The American Academy of Pediatrics suggests that parents not expose their children to television before the age of two.
My older children watch TV. How can I prevent our one-year-old from watching with them?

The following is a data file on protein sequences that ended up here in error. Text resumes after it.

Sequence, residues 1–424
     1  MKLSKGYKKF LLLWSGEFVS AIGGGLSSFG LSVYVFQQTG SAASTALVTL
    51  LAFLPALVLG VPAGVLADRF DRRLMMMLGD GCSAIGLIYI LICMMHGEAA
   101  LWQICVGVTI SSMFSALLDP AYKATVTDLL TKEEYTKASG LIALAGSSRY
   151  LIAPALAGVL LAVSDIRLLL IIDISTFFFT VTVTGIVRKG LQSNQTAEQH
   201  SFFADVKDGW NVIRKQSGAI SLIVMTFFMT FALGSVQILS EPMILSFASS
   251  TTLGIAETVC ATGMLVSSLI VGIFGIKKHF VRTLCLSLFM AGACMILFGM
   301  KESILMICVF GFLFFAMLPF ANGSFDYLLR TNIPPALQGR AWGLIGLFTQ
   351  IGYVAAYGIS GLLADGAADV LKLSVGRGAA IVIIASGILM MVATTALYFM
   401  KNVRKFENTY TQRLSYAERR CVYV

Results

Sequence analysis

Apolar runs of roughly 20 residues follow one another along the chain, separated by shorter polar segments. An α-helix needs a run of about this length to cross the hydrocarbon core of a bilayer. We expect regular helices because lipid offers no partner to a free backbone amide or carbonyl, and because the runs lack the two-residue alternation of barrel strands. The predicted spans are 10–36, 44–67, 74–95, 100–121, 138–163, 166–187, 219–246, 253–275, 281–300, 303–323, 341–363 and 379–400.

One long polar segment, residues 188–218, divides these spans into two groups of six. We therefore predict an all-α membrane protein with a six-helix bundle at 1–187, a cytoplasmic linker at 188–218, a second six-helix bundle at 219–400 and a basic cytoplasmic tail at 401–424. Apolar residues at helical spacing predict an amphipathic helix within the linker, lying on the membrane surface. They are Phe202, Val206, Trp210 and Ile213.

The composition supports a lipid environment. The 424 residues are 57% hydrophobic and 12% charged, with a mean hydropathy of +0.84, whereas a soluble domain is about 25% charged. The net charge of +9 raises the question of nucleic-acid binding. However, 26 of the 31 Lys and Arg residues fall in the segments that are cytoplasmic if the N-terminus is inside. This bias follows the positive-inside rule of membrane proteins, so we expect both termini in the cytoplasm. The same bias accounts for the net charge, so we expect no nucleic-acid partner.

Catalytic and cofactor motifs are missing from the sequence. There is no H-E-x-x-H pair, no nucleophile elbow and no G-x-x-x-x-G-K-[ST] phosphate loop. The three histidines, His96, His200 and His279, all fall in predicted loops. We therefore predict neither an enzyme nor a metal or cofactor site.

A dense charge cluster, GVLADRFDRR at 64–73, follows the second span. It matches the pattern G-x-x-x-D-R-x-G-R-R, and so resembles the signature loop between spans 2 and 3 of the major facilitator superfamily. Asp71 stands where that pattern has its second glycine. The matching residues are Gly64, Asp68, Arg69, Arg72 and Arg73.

Anyone who has any doubts about the negative effects of TV on children should read Jim Trelease's Chapter 7 on Television from his highly recommended Read-Aloud Handbook. Trelease mentions numerous studies that point to the addictive nature of TV, calling it the "plug in" drug. Marian Diamond and Janet Hopson, in their book, Magic Trees of the Mind, discuss the endless hours children lose by sitting passively instead of engaging actively in other activities. Children could be outdoors, playing games with toys, or pretending. Almost any activity is more stimulating to the brain than watching TV. It's important to limit the amount of time your children watch TV and monitor what they watch. While your older children are watching TV, you can take advantage of this time to talk and read to your baby. You may find that one or more of the children watching TV will join you as you read to your baby.